I have seen exchanges like this repeated dozens of times in the 15 years since first reading that passage. I recognize it everywhere: in the Harris-Klein podcast, in the campus debates over gender and race, on Facebook threads about gun violence or presidential decency. I see it all the time. It's always some version of: I assert a fact or truth should guide our behavior, and someone else responds: You can't know for sure, and besides there have been many behaviors, facts, and truths, that were later shown to be wrong and destructive. Those who assert that anyone of a different race, or sexual orientation, or gender, cannot possibly understand their own "intersectional" experience are advancing the epitome of relativistic thinking: your truth isn't the same as my truth. I assert, along with Harris, that whatever our differences, it is possible to find our common humanity, and hold on to that. We must find some way to both communicate our own experiences in a way that others can understand, and empathize with others when they do so in good faith. Otherwise, we are doomed.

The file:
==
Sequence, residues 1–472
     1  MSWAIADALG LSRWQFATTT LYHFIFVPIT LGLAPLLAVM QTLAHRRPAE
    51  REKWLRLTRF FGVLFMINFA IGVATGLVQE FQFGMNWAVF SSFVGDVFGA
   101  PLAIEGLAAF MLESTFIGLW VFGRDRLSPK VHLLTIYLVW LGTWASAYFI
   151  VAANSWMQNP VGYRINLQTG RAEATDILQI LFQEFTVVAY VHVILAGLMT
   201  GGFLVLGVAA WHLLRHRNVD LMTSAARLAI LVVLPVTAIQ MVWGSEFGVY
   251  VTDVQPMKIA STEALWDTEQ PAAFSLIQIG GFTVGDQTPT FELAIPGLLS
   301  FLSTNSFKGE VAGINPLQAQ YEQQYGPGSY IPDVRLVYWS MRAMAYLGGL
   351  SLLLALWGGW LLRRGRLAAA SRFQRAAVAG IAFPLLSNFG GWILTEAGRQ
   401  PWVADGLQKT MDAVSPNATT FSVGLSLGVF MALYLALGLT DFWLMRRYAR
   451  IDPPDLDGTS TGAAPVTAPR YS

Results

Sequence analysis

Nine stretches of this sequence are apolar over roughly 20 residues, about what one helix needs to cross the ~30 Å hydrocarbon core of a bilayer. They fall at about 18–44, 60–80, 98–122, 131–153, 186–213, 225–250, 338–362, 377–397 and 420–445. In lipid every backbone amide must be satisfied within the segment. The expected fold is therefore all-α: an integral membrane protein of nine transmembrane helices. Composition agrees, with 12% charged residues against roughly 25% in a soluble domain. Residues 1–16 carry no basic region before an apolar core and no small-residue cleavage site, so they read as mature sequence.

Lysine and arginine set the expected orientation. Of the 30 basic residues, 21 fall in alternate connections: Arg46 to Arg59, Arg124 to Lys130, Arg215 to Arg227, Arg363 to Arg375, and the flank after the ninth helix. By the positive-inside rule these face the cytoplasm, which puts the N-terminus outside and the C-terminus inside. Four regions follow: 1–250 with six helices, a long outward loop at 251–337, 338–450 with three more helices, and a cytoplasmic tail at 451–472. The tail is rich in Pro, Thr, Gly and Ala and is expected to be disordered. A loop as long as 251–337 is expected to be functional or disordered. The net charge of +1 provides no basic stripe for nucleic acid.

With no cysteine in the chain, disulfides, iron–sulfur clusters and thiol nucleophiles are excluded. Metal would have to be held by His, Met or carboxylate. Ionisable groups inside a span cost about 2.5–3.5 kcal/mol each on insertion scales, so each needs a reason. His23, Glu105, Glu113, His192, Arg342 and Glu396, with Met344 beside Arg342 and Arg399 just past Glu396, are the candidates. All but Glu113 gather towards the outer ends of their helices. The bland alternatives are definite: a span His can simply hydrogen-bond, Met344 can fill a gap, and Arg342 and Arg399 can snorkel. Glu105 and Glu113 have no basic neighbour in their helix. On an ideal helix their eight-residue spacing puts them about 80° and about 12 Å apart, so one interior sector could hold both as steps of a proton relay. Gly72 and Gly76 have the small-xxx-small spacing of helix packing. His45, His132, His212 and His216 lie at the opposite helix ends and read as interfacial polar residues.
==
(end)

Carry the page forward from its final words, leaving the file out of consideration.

By now I have no doubt shown my hand here: I am not a relativistic thinker, and openness should not trump all other virtues. We should be trying to figure out how to live, and we should all acknowledge that some ways are indeed better than other ways. Perhaps the British should not have been in India in the first place. We can debate that. But also, burning widows at the stake is immoral and the British were right to abolish such a practice. Furthermore, the fact that the British did abolish such a practice should factor into our discussion of whether the British should have been in India in the first place. Discussing whether some cultural practices are simply wrong may be uncomfortable, but it's necessary.
As I read the intellectual dark web piece, I came across yet another example of the pervasive openness Bloom describes. Weiss is recounting the moments when each of his subjects quote unquote "joined" the dark web:
Sam Harris says his moment came in 2006, at a conference at the Salk Institute with Richard Dawkins, Neil deGrasse Tyson and other prominent scientists. Mr. Harris said something that he thought was obvious on its face: Not all cultures are equally conducive to human flourishing. Some are superior to others.